This photograph depicts Clostridium difficile colonies after 48hrs growth.

This photograph depicts Clostridium difficile colonies after 48hrs growth.

Bacterial outbreak at Langley Memorial Hospital

Fraser Health blog describes ‘chronically high levels’ of C. difficile

An outbreak of C. difficile bacteria has closed a 40-bed ward at Langley Memorial Hospital to new admissions.

The Fraser Health Authority announced the outbreak in the 4-south medicine unit online, saying a halt to admissions and transfers has been ordered unless “medically warranted.”

Four patients were diagnosed with the bacteria.

One has recovered and has gone home.

The ward was not expected to open to new patients until Sept. 1 at the earliest.

The Clostridium difficile bacteria usually affects people on antibiotics.

It can cause bloating, diarrhea and sometimes-severe abdominal pain. In some cases it can be life-threatening.

In June of last year, a health authority blog praised staff in 4-south for tackling what were described as “chronically high levels of C. difficile” in the unit.

According to the blog, C. difficile is a problem at Langley Memorial because of the hospital’s age and number of patients.

“As an older facility, there are not as many sinks for hand cleaning and like others in the region, capacity issues pose added challenges,” the blog said, adding that while 4-south is a 40-bed unit, it often cares for 48 patients at a time.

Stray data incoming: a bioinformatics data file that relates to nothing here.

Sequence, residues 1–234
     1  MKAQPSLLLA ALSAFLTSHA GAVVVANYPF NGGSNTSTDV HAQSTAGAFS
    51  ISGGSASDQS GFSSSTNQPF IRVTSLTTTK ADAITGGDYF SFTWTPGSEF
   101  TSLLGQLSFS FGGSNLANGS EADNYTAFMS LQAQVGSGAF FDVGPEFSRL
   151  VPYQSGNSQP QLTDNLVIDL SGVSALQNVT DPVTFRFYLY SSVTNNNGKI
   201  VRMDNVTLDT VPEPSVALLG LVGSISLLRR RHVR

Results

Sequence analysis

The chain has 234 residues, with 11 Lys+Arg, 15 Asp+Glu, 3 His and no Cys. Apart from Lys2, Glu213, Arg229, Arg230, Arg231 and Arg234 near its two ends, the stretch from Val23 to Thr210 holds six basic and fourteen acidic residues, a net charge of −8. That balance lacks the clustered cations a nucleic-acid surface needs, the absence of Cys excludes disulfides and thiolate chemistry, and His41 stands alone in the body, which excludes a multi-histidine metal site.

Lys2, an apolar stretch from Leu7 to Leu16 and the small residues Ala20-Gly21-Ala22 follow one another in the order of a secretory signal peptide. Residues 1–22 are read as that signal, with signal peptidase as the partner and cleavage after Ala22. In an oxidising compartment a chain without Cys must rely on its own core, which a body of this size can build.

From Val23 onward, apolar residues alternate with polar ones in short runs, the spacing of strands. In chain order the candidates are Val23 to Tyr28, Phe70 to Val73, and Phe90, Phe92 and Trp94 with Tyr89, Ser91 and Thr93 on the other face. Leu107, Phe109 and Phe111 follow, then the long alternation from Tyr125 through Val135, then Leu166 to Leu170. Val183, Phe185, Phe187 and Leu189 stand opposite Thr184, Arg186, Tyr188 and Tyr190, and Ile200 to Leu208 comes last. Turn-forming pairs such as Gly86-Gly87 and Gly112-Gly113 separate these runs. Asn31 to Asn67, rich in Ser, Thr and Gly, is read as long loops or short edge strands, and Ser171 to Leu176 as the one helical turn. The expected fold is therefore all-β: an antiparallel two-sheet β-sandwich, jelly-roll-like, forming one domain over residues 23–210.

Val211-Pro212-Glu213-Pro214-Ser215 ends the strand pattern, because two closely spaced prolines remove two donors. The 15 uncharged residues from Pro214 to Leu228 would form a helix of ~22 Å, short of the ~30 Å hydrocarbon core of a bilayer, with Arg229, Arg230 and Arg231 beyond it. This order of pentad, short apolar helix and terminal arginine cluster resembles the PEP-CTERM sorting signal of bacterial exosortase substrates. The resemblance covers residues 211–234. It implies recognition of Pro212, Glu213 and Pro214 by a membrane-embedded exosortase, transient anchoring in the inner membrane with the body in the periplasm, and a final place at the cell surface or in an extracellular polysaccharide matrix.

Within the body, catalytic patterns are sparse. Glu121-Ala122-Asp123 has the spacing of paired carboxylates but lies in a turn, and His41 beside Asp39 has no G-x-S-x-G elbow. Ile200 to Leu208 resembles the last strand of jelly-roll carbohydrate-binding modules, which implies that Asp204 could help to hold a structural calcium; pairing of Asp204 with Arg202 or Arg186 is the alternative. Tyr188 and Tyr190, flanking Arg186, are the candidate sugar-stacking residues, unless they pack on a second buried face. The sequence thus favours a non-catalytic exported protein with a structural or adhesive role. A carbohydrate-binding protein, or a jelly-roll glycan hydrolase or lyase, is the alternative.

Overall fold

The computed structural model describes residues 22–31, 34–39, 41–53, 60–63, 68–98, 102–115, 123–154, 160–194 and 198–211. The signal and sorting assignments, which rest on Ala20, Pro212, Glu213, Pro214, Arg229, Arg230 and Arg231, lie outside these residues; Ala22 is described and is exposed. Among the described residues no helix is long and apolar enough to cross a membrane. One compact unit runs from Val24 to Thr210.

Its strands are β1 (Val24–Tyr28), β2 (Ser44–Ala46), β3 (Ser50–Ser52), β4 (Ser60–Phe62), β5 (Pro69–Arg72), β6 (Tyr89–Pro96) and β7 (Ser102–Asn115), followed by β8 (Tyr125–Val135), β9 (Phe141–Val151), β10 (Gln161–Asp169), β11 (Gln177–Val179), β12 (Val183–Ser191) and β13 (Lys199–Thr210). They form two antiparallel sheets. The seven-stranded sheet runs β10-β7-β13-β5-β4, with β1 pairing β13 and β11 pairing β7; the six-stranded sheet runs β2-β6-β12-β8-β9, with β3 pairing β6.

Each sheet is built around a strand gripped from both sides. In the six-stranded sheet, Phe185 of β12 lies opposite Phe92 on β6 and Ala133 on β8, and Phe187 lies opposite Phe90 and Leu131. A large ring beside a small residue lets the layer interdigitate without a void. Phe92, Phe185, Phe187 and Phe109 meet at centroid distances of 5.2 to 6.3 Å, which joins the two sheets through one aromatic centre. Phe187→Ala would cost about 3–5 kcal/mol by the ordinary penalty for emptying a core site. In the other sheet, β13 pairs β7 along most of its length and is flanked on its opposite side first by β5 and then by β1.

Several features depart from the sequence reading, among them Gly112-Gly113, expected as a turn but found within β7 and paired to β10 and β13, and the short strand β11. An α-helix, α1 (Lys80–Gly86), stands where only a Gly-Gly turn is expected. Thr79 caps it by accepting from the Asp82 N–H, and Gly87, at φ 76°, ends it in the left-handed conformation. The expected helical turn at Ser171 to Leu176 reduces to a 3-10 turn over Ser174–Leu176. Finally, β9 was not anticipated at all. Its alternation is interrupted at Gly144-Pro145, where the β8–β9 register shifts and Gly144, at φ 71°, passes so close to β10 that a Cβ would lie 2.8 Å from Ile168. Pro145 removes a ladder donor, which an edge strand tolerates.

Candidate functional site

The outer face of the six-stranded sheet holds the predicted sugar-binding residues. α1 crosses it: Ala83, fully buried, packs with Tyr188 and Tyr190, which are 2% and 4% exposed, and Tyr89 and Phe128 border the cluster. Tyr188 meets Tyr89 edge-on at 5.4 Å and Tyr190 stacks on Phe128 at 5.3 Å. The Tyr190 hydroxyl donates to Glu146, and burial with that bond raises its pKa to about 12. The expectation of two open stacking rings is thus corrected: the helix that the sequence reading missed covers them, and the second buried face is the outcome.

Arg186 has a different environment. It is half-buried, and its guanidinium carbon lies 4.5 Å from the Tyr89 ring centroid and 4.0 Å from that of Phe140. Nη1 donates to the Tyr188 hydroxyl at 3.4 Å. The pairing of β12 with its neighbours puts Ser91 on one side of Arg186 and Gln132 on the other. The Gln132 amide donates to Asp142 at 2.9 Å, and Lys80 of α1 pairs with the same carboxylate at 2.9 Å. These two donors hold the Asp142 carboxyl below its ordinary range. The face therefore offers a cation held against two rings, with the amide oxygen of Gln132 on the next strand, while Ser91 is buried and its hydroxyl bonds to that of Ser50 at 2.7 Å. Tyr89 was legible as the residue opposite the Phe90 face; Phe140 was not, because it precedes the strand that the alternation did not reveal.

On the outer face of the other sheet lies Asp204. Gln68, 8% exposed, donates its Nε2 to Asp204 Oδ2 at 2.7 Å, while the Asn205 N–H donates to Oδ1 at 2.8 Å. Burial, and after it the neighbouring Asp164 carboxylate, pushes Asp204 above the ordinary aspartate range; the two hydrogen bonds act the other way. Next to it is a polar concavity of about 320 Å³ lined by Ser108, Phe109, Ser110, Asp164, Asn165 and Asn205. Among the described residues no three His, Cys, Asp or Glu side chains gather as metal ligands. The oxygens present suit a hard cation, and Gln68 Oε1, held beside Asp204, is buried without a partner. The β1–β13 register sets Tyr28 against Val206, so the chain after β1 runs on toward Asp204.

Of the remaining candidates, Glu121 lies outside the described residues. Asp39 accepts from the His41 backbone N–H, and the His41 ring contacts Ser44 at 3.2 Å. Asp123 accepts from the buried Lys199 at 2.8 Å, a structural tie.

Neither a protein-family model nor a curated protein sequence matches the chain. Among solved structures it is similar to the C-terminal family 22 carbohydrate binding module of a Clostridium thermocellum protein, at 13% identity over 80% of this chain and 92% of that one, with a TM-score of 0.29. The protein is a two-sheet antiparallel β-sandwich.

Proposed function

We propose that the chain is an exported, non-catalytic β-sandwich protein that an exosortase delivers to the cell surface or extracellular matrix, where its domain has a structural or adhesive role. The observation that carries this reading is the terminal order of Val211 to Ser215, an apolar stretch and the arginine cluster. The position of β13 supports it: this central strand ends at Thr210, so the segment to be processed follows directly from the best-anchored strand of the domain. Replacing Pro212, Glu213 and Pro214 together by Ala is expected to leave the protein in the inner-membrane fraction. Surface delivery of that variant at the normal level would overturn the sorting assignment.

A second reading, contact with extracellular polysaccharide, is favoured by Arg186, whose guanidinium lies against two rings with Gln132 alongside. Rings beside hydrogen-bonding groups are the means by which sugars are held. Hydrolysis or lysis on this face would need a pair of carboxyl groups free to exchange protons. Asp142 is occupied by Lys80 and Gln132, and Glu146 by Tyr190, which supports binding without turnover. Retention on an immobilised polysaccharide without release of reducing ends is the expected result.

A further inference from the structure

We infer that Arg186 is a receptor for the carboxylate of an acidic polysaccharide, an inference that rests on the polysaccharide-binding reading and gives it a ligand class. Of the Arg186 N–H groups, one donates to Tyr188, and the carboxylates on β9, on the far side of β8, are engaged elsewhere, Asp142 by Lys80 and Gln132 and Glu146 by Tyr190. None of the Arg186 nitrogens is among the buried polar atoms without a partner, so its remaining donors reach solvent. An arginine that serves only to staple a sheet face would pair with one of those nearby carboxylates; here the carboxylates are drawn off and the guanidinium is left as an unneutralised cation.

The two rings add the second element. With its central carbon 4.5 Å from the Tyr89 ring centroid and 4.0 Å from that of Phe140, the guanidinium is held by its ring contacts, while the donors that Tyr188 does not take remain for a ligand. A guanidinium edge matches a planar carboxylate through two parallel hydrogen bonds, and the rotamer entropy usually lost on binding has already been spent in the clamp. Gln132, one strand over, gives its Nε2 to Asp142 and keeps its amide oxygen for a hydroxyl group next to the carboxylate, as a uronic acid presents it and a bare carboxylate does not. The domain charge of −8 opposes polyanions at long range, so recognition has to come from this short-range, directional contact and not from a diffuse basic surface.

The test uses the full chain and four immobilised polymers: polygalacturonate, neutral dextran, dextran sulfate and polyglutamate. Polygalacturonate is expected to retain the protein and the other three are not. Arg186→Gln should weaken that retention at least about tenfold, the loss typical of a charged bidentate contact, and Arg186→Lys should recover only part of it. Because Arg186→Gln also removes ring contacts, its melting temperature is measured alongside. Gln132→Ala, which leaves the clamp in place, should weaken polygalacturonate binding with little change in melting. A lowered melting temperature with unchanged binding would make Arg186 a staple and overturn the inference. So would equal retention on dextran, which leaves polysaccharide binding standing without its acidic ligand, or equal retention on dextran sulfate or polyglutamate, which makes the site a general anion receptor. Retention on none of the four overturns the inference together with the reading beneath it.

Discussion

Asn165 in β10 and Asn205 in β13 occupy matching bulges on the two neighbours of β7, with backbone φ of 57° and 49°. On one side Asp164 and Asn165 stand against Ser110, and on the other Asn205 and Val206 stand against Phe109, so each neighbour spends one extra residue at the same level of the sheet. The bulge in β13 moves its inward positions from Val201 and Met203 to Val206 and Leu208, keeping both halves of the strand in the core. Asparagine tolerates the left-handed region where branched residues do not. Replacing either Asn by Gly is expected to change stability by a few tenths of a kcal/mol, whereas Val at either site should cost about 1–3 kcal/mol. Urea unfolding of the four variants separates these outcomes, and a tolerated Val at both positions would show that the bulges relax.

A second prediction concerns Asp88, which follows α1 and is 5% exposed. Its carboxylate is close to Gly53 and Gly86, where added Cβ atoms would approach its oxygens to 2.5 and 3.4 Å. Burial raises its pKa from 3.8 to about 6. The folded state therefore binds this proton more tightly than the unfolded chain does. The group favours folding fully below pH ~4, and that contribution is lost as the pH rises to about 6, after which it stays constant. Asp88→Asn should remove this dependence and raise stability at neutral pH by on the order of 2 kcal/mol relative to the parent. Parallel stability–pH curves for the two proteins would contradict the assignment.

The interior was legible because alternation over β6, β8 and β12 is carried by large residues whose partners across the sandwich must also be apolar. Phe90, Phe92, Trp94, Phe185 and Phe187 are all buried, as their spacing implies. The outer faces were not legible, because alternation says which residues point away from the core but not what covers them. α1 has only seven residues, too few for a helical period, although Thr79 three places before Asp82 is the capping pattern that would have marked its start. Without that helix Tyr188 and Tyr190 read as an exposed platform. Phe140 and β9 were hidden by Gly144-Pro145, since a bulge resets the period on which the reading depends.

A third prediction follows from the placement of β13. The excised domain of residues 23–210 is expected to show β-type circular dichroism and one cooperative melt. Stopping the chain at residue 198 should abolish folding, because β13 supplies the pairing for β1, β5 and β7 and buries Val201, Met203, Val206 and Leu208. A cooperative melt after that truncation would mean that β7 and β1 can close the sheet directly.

Staff decided to have a C-diff Awareness Month in April, posting signs and wearing yellow ‘Stop C-diff Now’ T-shirts. Patients were discouraged from receiving flowers and other gifts to help create a cleaner environment, and were asked to clean their hands before each meal.

The campaign was considered a success because there were no new cases of C. difficile during one week in April, “which had been almost unheard of,” the blog noted.

Because many C-difficile cases occur outside the hospital, nurses on the unit now ask emergency staff if an admitted patient has diarrhea, so screening tests can be ordered.